Every week, we shine a light on a Springboard to Active Schools trainer who is making a difference in their community and state. These blogs highlight trainings that the trainers have conducted on implementing a Comprehensive School Physical Activity Program (CSPAP), training insights and tips, and fun facts.
We met with Kim Hunt, a K-5 physical education teacher for Teton County School District in Wyoming, to learn more about her training experience.
- Share a brief overview of one of your Springboard to CSPAP Implementation trainings.
What: Increasing student focus with movement
Where: District conference
- Who were the key partners you worked with to make this training happen?
I met with my Superintendent and also engaged a PE teacher from my master’s program to co-present with me, so I wouldn’t have to do this training by myself.
- What superpower did each partner bring to the table?
My superintendent is an advocate for physical activity and brought her excitement. We met and did a walk-and-talk for an hour, and she got super excited about the possibility of making our district a leader in movement. My fellow PE teacher took a risk helping me with this, because we both get nervous in front of peers.
- Did you learn anything new about your partners through this process? If so, what did you learn?
I learned that they are human beings, just like me. Everybody really wants what’s best for kids, and we know that physical activity is best. I also learned that if you can do something that doesn’t cost money, it’s going to happen.
- What are three words to describe your audience before the training began?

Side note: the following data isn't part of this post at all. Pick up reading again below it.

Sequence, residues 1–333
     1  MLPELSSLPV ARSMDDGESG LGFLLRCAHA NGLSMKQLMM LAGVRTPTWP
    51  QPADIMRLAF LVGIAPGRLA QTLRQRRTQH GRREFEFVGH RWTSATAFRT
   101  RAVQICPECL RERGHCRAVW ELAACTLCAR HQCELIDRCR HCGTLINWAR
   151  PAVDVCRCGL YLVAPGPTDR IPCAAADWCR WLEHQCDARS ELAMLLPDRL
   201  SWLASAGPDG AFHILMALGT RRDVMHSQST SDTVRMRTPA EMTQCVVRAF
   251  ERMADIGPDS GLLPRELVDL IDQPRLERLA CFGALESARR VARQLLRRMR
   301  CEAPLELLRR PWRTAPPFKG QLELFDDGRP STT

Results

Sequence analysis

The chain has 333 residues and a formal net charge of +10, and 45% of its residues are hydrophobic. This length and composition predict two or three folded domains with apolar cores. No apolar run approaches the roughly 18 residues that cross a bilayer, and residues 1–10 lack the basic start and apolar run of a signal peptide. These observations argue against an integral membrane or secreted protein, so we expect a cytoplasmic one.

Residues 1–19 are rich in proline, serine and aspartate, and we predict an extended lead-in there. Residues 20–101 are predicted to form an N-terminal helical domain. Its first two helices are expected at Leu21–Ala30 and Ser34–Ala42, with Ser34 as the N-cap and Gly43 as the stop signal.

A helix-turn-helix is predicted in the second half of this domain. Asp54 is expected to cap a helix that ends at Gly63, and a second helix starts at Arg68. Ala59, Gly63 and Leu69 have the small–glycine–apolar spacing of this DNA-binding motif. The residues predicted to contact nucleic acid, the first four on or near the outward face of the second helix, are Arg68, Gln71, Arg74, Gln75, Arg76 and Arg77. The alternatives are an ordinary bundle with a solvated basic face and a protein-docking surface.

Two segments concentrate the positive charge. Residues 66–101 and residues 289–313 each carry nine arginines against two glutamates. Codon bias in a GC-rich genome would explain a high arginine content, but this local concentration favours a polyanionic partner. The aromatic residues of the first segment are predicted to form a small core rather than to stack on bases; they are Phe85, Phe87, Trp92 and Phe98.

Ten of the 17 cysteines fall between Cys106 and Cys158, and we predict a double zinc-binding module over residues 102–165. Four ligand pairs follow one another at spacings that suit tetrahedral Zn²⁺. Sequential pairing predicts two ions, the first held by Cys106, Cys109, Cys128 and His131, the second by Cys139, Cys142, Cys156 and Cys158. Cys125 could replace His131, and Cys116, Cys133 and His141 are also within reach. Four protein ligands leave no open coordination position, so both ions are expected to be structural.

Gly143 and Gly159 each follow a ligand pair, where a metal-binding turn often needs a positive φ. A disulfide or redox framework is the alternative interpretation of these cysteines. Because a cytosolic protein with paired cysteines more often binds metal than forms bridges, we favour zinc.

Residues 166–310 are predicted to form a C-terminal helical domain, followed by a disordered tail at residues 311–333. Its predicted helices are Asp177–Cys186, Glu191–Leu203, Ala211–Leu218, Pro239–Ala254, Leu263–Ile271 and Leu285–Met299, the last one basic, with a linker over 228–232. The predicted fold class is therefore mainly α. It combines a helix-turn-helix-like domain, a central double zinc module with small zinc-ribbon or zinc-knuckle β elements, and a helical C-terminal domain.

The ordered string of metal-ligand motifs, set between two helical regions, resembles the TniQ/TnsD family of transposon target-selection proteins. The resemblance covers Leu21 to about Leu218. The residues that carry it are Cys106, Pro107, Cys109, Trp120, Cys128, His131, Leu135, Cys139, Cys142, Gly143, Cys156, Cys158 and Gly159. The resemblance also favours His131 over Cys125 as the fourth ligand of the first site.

Apprehensive, skeptical, open-minded.
- What are three words to describe your audience at the conclusion of the training?
Happy, thankful, and had a deeper understanding.
- What is one way you got the participants to be physically active?
We started off with a walk-and-talk, did a Go Noodle brain break, played Rock-Paper-Scissors, and did the Over/Under activity. We also did an activity called “Think and Move.” For this activity, you start by getting everyone to stand up. Then you say, “when I say walk, I want you to walk, and stop when I say stop.” Or “when I say tap your head, tap your head; when I say jump, jump.” You can add more movements and change it up so when I say “stop” they have to walk. It helps get kids (and adults) on task because they have to listen and think since the directions can get so complicated.
- What part of the training are you most proud of?
I’m most proud of the shift in their understanding of brain breaks and how easy everyone thought it was at the end of the training.
- What part of the training was the most challenging?
I did two back-to-back trainings, and the feel in the room was so different for each training. One group was more talkative from the get-go; I could get them to respond and engage. I had to pry stuff out of the other group; it was challenging.
- What is one thing that surprised you at your training?
As a trainer, you need to try to get the perspective of a teacher. Go to a school to observe. See for yourself how busy teachers are and how hard it can be to try to add something new. Give teachers the recognition of how hard it is to be a teacher.